|Rock series ready to go live for 3rd season|
|Written by DAVID DUPONT Sentinel Arts & Entertainment Editor|
|Wednesday, 04 September 2013 10:25|
Live Wire, a production of WBGU-FM in conjunction with WBGU-TV, returns Thursday to the Clazel in downtown Bowling Green for a third season of rock from hither and yon.
The series, said Stephen Merrill, the station's advisor, will expand to seven shows this year, up from the three productions in its first two years.
That means the show will "give a chance to more bands," he said.
The show is videotaped in high definition digital and then cut into half-hour programs. Those programs air Thursday nights at 9:30 as part of WBGU-TV's local programming block.
In its third year Live Wire is gaining more traction with local audiences, bringing up to 200 people to shows, and more attention from bands throughout the country looking to expand their reach.
Thursday's show, with doors opening at 8 p.m. with music starting at 8:30 p.m., features Super Water Sympathy, a Shreveport, La., band that's recently been on the Vans Warped Tour.
The band's even come up with its own self-made genre they call "water pop." The band describes that sound as "a synthesis of classic symphonic ambiance with modern ethereal anthems."
The bill also include Full Body Tones, from Lexington, Ky., a pop punk outfit is a collaboration of country drummer Willy Freedbody and songwriter Joe Fulton. Recent Bowing Green State University graduate Craig Sullivan on bass.
Two area acts are also on the program. Balloon Messenger, originally a solo project by songwriter and multi-instrumentalist Mark Daly, has expanded with the inclusion of the former members of the band Cape Canyon.
Toledo-area band The Bricks is fronted by vocalist Chris Metchis, and according to the station's press release features an "energetic kitchen sink approach... that is sure to appeal to people that like to dance at rock and roll shows."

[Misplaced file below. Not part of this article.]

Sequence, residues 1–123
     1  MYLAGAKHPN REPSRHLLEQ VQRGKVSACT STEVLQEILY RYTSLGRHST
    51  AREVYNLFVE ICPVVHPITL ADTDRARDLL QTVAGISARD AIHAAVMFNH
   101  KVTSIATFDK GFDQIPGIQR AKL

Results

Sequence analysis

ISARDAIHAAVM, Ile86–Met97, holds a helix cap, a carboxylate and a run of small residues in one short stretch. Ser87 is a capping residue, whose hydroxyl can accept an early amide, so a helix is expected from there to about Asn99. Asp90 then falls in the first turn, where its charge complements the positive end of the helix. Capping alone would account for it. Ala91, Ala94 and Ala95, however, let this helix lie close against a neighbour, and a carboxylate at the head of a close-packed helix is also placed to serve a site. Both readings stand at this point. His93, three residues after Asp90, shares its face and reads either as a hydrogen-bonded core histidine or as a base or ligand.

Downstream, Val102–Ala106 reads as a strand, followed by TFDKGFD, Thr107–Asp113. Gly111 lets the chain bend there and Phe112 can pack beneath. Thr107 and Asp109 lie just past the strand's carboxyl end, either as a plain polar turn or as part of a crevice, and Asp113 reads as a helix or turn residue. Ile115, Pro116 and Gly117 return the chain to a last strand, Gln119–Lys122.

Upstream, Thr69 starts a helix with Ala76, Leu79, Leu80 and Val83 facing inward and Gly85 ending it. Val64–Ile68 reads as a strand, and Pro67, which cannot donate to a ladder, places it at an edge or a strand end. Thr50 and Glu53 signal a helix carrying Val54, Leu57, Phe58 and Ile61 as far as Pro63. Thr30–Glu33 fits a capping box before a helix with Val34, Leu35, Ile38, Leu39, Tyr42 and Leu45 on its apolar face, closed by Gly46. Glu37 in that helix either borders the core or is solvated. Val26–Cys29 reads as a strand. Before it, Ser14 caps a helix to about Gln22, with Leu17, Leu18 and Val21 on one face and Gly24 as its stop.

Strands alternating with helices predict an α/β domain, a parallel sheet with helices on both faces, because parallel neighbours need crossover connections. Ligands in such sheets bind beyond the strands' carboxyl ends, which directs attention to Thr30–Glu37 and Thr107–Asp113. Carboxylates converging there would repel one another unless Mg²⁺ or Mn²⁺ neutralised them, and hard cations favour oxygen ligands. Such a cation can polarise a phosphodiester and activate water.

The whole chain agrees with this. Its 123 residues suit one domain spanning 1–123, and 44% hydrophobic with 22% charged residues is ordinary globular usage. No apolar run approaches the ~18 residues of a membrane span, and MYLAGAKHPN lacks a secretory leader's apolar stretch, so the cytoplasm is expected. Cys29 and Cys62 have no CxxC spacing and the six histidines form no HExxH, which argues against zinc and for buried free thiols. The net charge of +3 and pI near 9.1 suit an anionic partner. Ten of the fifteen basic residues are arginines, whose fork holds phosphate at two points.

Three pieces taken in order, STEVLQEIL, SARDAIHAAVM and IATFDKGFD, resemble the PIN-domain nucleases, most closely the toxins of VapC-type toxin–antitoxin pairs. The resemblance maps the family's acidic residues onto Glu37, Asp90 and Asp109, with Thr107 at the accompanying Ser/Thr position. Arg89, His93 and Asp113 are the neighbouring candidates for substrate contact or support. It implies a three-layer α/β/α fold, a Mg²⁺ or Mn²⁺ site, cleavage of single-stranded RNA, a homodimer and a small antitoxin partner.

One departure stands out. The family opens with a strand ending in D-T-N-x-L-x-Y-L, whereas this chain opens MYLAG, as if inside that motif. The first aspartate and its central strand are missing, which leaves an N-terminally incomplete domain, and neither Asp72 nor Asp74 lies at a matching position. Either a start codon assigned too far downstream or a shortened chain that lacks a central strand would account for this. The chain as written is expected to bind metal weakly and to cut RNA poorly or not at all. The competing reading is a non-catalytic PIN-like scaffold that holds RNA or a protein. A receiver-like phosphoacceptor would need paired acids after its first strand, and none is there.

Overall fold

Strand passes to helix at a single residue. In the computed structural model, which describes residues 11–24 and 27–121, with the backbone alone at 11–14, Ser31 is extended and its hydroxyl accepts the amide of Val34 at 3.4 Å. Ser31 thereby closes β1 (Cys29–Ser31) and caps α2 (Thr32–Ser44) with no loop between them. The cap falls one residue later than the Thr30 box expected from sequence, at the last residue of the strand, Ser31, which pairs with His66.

Local performers Zack Fletcher and Christ Salyer will also perform solo sets between the bands.
Merrill who coordinates the student volunteer crews, as more regionally-known bands are included, he hopes the program can attract a few more stations.
Live Wire got its start through requests to the station to host bands. "I've always kind of felt a want for live music in town," he said, "and we know the arts are part of the economy of the town."
In selecting bands "we lean toward the rock vein," he said. They've featured some hip hop but the language can pose a difficulty for broadcast. The show has included some jazz.
In general, he said, the show tries to steer away from the Americana roots music genre simply because that's already well represented on PBS by "Austin City Limits."
Merrill said with six cameras, the show is aiming for a more cinematic feel, "more animated" with "faster cuts."
"Not," he said, "the traditional PBS feel."
The Clazel serves as the right venue for the show. "We have a good relationship with Ammar," he said, in reference to Clazel Entertainment owner Ammar Mufleh.
The venue offers an atmosphere that's at once, intimate, and yet can handle a larger crowd if needed. "It's on the fringe of being a big venue.," Merrill said. As the show extends its reach to more national bands that could be useful.
The Clazel also offers the top-flight sound and lighting that's needed for taping in high definition.
The video screen at the former theater also is a plus when it comes to stage design, he said.
The show is a volunteer effort. The bands appear for free, but in return they get high quality video images that they can post on YouTube or on their own websites.
Live Wire will be presented the first Thursday of each month during the academic year through April, with no show in January.
The shows are free, but a donation of $5 or so is requested.
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